"It was the kind of plane that has those wings that bend upward at the ends," she replied, pushing her arms slightly outward, bending back at the wrists with her palms faced away from her.

"Winglets," I replied. "Those are winglets, and they are on a lot of different kinds of airplanes." As the words came out I worried that I might have sounded condescending, which would be a horrible way to treat my mom. "They help aerodynamically and the result is fuel conservation," I hurried to add in a soft tone in case she might be thinking my last words were a bit snippy. I smiled. "But most people don’t even notice them."

My mom is smart, and she’s not a pilot or engineer, so these aren’t the kinds of things she would have come across. Nor are the purposeful design of winglets anything she likely remembers today, because like alpha-numeric airplane model codes, none of that is what she’s retaining for that "someday" that might happen, when, if, she ever loses mobility and can no longer go out for adventures of her own.

"My mind is my museum," she told me several years ago, "and I am collecting beautiful memories for my museum so that one day if that is all I have, I will have plenty."

I am certain winglets won’t make the cut in Mom’s museum, and I am just as certain that among the thousands of beautiful things there will be poetry and song, laughter and friends, walks with dogs, sunshine, flowers, pearls, and family. And maybe the closest thing to winglets will be a lovely flowing gown she once wore while standing in a Spring breeze.

June 23, 2015 City of Liberty Airport Manager moving to Panama (Feature article)

The Liberty Gazette
June 23, 2015

by Linda Street-Ely

Two of Liberty’s most gifted community leaders, airport manager Jose Doblado and his wife Debbie Mabery, have said their good-byes and headed south, to their new home in Panama. Jose’s shoes will be big ones to fill, as evidenced by his loyal service to Liberty, and recognized by many for his dedication, including Texas Southern University, College of Science, which awarded Mr. Doblado this year with the Distinguished Alumni Award.

In early 2012, Jose Doblado, then a new graduate from TSU’s Aviation Management degree program, accepted the position as the new airport manager for the Liberty Municipal Airport. His goal was to revitalize and upgrade the 140-acre Liberty Municipal Airport, a goal shared by the Texas Department of Transportation, which holds the purse strings for all aviation grant funding on both the state and federal levels.

A few accomplishments.
As manager, Jose oversaw the $700,000 construction project of twenty T-hangars, several ramp improvements, security fencing, and terminal updates. He also refurbished two 12,000-gallon fuel systems purchased for the airport. Now, as a result of Jose’s work, income from hangar rent and one of the ground leases should be $241,200 per year when all hangars are occupied, plus the income from another land lease on a privately owned hangar. That’s a staggeringly successful jump from the receivable $7,920 of just three years ago. Under Jose’s management, average monthly fuel sales increased from $5,200 to $17,000, another testament to his hard work.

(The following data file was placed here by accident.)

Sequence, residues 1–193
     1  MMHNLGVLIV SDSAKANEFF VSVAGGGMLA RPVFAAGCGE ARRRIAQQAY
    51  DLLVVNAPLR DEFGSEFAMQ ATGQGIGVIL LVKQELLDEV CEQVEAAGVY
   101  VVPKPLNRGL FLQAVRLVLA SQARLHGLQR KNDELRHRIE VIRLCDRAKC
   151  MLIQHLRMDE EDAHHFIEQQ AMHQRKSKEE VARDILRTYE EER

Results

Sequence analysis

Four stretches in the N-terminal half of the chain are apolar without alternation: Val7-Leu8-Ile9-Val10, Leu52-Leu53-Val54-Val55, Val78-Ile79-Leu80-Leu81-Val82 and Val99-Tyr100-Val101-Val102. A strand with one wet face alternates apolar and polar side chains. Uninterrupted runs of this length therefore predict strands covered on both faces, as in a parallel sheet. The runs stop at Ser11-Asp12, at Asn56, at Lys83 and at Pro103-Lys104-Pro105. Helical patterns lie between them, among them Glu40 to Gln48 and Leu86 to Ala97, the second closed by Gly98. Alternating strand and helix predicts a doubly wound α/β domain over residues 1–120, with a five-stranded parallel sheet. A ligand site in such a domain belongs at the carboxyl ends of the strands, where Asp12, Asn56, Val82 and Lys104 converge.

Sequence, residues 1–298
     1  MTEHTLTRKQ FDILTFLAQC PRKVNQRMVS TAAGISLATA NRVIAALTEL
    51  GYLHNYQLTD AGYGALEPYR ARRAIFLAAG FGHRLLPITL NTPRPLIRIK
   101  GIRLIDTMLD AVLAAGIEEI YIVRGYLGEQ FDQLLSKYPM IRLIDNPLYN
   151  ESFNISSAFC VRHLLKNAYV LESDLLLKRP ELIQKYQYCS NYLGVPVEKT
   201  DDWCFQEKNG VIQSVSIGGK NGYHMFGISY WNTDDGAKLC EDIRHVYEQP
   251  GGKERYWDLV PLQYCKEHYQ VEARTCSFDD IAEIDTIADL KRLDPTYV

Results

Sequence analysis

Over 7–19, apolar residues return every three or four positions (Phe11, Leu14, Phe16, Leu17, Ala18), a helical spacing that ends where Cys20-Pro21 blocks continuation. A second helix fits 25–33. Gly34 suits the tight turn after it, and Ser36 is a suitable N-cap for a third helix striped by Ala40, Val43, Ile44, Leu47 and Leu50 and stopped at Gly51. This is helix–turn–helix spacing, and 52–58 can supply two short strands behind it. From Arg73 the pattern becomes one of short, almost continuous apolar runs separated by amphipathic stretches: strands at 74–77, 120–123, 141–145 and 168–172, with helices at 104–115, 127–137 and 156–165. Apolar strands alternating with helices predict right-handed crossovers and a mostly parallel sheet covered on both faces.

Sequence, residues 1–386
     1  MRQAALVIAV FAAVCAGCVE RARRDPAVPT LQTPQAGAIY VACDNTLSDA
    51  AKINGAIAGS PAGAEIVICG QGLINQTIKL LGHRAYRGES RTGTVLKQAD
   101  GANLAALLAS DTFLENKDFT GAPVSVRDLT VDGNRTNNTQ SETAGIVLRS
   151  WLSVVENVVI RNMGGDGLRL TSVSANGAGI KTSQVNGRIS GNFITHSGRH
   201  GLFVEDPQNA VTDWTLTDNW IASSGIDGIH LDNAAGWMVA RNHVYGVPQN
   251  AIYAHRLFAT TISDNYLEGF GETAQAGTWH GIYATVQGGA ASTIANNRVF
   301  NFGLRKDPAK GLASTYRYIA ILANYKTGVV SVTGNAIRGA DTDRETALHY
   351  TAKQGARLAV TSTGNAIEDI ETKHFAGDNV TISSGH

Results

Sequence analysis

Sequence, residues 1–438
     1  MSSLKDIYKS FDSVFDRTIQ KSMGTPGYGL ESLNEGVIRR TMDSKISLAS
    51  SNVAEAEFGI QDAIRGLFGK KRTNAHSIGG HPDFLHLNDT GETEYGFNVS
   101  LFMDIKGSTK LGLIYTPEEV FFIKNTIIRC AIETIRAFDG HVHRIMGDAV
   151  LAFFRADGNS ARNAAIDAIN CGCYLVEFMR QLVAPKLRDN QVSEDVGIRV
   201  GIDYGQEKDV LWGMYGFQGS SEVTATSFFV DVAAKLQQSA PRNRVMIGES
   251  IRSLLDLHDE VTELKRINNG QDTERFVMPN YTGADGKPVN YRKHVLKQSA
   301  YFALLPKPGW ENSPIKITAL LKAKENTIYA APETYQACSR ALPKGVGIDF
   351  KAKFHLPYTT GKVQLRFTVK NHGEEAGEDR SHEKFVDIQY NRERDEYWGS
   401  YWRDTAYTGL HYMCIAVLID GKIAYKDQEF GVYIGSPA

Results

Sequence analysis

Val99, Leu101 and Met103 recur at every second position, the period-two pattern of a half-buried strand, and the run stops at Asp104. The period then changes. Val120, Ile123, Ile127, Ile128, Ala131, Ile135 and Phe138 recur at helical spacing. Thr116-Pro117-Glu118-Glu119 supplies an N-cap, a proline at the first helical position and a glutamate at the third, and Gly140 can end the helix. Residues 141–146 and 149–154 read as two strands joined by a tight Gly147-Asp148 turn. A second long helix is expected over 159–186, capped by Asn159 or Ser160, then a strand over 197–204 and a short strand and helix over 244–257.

Services available, number and quality of hangars, and the number of take-offs and landings at any given airport in Texas are some of the important measurements used by the TxDOT in awarding grant funding. That’s why the building and renovating, the fuel tanks, the numbers, are all significant. During the past three years, Jose has nearly tripled the number of based aircraft, from nine to thirty-four, and increased airport traffic by providing clean, safe facilities and personal service.

Not all municipal airports can claim the level of expertise which Liberty has received from Mr. Doblado, who minimized airport expenditures by completing most maintenance work on fuel systems, facilities, and equipment himself, and using the services of city employees instead of outside contractors, saving city taxpayers tens of thousands of dollars. Volunteers have been eager to step in and help, too, thanks, they say, to the friendly and welcoming nature of the man who came to help make things better for everyone.

Building an image.
Visiting pilots and based pilots alike have raved about the level of customer service and attention to the airport since Mr. Doblado came to Liberty – people have come here for a reason, and that reason is Jose. As manager, he has hosted fly-in events and children’s tours and mentored three Texas Southern University seniors who completed their aviation degree program internships at the airport.

Repeat customers have been coming from all over the country to buy fuel here – meaning they spend money in Liberty, contribute to the local economy, and do not require any on-going services such as schools, hospital, or library. They land, hand over money, and then leave. And for the last three years they have received a warm welcome as they entered Liberty’s front door to the world.